Centrality of horses to Travellers’ culture must be acknowledged in housing policy - EU

Michael O’Flaherty says situation of Travellers in Ireland among the worst across the EU

The centrality of horses to Travellers' culture "has to be acknowledged" in housing policy, the director of the European Union's Fundamental Rights Agency (FRA) has warned.

Michael O'Flaherty, the director of the agency who is in Ireland on an official monitoring visit, said horses were "absolutely central to Traveller identity. That has to celebrated and honoured and then acknowledged in things like housing policy.

“It really matters that you have a place to stable a horse if you come from the Traveller tradition and that just has to be acknowledged. I don’t understand why we’d oppose that.”

Discussing the need to “get to know” and celebrate Traveller identity, he said an annual day to mark Traveller history and culture would be “a good idea”.


Speaking to The Irish Times, he said the situation of Travellers in Ireland was among the worst of Roma and Traveller communities across the EU, while the communities' plight was the "single biggest human rights challenge" across the EU.

Citing a 2019 survey by the agency, he said 65 per cent of Irish Travellers faced discrimination in housing, work, education, health and access to services which was "one of the highest among all survey groups from the different countries". Communities in five other member states were surveyed - in Belgium, France, the Netherlands, Sweden and former member the United Kingdom.

Most people did not appreciate the depth of discrimination experienced by Travellers and Roma nor how profound the impact was on them, he said.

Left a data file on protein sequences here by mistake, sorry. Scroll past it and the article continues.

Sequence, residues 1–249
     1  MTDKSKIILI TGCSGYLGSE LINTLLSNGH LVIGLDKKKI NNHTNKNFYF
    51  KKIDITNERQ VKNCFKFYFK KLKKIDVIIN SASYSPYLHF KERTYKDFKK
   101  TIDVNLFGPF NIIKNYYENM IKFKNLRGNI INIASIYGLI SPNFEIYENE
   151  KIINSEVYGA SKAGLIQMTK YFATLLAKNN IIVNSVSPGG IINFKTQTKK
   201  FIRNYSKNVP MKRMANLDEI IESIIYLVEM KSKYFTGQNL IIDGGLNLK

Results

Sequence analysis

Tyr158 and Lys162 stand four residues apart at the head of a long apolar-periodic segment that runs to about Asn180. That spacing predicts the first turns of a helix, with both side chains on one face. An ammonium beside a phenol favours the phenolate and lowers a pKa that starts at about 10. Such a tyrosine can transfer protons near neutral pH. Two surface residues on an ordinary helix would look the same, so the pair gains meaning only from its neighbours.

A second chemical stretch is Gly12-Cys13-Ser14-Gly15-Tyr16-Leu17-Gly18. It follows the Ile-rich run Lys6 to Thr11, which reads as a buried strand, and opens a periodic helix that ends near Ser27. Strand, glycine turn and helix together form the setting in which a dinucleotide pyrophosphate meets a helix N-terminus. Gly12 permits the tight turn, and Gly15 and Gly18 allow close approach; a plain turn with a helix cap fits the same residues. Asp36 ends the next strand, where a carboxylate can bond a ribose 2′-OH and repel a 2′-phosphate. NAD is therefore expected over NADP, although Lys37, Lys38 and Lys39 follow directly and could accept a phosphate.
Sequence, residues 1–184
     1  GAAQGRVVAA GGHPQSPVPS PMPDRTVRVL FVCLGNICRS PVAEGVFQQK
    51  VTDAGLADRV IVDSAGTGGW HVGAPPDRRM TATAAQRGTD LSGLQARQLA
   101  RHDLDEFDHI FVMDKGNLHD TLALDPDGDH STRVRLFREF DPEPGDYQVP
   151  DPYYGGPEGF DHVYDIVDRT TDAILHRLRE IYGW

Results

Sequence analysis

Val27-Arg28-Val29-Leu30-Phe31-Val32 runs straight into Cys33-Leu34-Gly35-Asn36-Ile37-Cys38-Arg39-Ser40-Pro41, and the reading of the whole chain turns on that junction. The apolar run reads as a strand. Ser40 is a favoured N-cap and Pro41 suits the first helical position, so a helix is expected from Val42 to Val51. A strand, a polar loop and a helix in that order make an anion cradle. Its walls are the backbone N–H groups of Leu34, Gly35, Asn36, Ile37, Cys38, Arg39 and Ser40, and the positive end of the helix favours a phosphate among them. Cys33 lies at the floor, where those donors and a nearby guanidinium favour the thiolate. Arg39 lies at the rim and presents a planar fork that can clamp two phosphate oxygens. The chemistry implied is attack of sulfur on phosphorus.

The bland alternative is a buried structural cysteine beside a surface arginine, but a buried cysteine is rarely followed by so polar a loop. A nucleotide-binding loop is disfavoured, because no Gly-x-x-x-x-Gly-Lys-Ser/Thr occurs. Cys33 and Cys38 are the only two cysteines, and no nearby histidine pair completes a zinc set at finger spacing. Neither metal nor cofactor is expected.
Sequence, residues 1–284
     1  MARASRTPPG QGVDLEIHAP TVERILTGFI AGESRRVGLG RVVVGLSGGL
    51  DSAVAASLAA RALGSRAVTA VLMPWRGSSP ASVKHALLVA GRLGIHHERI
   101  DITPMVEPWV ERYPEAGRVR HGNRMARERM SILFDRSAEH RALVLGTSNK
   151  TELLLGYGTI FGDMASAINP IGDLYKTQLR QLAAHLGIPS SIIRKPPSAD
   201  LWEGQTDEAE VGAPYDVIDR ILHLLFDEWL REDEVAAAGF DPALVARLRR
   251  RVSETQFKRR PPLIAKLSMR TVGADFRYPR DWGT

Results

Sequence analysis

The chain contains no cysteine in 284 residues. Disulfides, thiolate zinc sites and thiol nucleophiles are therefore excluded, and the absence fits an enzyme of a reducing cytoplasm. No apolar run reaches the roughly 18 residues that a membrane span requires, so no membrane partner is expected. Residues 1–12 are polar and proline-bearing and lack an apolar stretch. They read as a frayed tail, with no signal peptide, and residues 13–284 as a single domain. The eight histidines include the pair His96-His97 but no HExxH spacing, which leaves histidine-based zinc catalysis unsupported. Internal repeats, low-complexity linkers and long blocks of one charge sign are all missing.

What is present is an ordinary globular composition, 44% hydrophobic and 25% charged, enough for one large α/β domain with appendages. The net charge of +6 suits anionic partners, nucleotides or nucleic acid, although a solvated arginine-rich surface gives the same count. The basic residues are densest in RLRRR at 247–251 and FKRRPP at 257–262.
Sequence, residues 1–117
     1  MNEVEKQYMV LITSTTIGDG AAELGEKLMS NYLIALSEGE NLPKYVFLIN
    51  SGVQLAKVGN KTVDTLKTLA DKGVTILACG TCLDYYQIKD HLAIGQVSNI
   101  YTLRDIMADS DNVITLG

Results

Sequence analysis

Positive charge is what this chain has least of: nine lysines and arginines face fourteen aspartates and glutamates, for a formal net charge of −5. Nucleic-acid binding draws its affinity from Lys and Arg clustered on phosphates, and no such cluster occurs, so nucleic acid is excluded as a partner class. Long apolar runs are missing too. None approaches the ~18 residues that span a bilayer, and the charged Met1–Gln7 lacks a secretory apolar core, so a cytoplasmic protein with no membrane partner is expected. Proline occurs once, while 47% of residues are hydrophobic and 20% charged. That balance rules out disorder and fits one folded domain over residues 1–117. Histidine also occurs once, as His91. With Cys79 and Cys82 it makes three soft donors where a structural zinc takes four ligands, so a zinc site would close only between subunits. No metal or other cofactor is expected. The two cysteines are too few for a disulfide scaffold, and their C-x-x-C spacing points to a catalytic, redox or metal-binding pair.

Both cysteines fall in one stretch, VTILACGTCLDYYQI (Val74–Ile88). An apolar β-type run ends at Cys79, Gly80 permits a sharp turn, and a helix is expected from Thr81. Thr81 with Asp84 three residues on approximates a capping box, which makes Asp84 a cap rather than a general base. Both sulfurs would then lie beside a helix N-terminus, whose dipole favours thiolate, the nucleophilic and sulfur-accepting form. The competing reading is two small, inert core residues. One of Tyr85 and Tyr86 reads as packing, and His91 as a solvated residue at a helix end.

“It’s not just an Irish issue, it’s across the EU. It’s a genuine lack of recognition of how bad the situation is. The average person on the street doesn’t begin to understand how shocking it is.”

Tackling racism required a focus on “racist tendencies” in wider society. “We are seeing some change across the EU, with some investment in public messaging, to recognise if you don’t change the attitudes on the street you are really not going to improve the plight of the group.

“The other thing is to work with, not for, Travellers. They have to be listened to and respectfully listened to, and then they have to be part of the outcome and part of the solution.”

Reiterating the need to “get to know, understand and celebrate” Traveller culture he said: “This is really important. Settled people, we have not even the smallest idea of how rich their culture is.”

He called for investment to “make Roma culture visible” including remembering their being targeted for extermination in the holocaust. “That holocaust is barely acknowledged,” he said. “So putting Traveller and Roma history and culture into school education would be very, very valuable.”

Meeting Minister for Equality, Roderic O'Gorman and Data Commissioner Helen Dixon he will press the need to gather disaggregated data on Travellers and Roma in areas including education, housing, employment and health.

“If we don’t have data we can’t defend them. We need it for structured planning and strategy making, and to build awareness [about their situation].”

He said, “we don’t know how many Roma are in Ireland”. It was also unknown how many Traveller children were being placed on reduced timetables in schools.

Kitty Holland

Kitty Holland

Kitty Holland is Social Affairs Correspondent of The Irish Times